The phrase “first responder” may mean different things to different people. However, the term was created to describe EMS or emergency medical services. EMS workers in the field cope with high-stress situations that are often emotionally and physically demanding. They must have the appropriate communication skills to work with team members and the people they rescue. Their primary mission involves:
- Stopping the progression of a health emergency
- Transporting the patient to the nearest medical facility for treatment
They are either based in a specific location or listen to calls on an emergency band radio. Depending on the community in which EMS members work, they may arrive on the scene with or without an ambulance or another type of emergency health care vehicle. In this case, an emergency transport vehicle soon follows.
EMS workers are qualified to perform many different emergency procedures that include:
- Providing CPR
- Controlling bleeding or performing other basic first aid techniques
- Administering epinephrine or other medications
- Applying positive pressure ventilation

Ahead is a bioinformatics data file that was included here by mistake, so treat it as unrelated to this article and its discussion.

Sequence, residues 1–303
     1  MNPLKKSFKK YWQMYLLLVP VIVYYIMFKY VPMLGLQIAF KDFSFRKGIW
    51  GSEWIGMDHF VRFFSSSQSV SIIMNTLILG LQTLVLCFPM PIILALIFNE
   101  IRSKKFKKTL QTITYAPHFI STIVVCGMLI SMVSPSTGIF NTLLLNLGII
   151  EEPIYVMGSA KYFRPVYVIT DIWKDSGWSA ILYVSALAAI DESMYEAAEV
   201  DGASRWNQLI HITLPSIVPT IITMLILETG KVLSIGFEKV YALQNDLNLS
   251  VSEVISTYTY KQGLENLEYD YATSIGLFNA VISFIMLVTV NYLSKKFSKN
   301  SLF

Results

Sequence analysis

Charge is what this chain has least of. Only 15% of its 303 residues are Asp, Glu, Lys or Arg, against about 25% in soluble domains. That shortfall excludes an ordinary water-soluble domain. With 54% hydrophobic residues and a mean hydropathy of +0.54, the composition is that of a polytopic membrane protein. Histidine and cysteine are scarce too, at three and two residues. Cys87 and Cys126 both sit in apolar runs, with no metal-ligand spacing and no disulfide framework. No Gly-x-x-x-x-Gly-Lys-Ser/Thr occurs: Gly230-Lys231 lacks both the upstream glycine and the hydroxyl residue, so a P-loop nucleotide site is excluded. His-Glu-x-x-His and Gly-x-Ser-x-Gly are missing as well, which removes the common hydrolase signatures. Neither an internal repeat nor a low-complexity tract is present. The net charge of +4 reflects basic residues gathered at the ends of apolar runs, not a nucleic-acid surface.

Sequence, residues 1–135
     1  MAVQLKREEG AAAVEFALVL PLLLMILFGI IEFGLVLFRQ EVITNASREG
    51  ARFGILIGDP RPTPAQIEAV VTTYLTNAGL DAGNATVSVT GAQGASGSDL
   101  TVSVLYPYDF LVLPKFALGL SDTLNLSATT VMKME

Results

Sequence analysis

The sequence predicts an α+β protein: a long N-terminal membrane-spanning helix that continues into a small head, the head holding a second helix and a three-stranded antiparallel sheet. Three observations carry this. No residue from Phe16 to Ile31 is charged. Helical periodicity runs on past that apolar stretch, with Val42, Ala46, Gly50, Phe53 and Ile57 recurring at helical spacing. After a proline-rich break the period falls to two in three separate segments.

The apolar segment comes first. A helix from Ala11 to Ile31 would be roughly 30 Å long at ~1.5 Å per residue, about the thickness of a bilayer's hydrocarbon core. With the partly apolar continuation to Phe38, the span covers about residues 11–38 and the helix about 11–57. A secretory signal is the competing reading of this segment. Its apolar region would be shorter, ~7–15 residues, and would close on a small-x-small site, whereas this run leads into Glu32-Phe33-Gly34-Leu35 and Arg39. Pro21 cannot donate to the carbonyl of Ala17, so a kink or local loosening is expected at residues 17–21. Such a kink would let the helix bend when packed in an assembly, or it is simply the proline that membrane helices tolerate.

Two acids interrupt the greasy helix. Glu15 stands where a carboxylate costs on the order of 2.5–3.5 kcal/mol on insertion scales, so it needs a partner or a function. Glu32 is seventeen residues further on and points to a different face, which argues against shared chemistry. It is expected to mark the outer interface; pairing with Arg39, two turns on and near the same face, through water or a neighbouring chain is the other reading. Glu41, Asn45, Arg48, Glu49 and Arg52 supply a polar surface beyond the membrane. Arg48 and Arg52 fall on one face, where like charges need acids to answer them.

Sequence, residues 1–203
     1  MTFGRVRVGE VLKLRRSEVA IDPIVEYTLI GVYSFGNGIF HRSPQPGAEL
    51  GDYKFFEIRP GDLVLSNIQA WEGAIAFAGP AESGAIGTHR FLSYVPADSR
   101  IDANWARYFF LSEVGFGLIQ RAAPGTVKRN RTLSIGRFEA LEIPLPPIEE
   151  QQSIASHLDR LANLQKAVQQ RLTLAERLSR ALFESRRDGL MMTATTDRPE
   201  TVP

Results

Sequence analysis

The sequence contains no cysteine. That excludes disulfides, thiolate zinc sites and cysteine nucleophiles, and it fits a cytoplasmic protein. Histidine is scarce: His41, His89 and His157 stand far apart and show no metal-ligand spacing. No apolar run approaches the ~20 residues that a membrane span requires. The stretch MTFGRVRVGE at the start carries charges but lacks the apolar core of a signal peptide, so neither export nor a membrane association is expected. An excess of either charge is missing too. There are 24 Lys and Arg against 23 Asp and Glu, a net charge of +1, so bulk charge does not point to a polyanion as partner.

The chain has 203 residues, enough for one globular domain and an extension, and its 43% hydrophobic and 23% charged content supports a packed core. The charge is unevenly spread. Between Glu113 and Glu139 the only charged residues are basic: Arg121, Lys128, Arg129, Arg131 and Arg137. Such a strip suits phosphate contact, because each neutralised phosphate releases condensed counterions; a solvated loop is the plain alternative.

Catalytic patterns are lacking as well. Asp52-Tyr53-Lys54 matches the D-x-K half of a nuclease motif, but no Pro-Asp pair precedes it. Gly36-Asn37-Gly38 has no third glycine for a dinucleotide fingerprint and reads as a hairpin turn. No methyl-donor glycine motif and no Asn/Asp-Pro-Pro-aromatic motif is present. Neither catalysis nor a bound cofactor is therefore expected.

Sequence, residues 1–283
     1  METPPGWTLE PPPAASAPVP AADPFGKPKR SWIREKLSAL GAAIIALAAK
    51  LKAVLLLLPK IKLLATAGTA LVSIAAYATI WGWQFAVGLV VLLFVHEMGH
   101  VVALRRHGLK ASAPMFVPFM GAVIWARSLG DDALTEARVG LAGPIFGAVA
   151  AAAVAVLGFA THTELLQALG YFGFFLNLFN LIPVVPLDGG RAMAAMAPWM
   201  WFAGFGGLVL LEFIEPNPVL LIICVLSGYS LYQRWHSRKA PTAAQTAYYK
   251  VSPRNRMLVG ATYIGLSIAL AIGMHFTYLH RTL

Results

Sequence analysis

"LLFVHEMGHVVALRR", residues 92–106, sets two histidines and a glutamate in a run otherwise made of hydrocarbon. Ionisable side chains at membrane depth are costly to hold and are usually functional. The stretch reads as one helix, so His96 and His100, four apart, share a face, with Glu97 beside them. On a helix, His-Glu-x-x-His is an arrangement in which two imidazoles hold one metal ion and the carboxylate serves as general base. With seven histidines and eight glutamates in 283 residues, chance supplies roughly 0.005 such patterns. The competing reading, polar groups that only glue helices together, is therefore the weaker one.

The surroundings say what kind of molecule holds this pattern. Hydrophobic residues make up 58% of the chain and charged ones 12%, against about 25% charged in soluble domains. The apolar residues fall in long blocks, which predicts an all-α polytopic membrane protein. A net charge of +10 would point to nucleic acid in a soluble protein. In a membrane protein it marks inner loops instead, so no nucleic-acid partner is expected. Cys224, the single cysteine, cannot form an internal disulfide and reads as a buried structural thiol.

Basic first aid can be performed by firemen, law enforcement officers, as most are at least CPR certified.
The programs needed to train someone to become an EMS spans six months to two years. Upon completing and passing the class, new EMS workers must earn state certification and perhaps register with the National Registry of Emergency Technicians. Some may go on to advance their skills and knowledge by becoming an administer, a paramedic, learning more advanced emergency skills or gain in-depth pharmacology knowledge.
When someone calls for emergency assistance using 911, fast response times are essential for the best patient outcome. The time in which it takes an EMS team to arrive on the scene depends on different variables that include the geographic location, dispatch protocol, and traffic.
Emergency Response Teams
Communities having basic life support, or BLS, have a team of emergency medical technicians who provide basic care. Advanced life support, or ALS, first responders are manned by teams that include paramedics. The level of the care supplied largely depends on the economic resources within the community.
More advanced services require the financial backing to have an ambulance or other rescue vehicle combined with highly skilled and certified first responders. Many prefer having paramedics on call as opposed to EMS workers for the level of care they are capable of providing.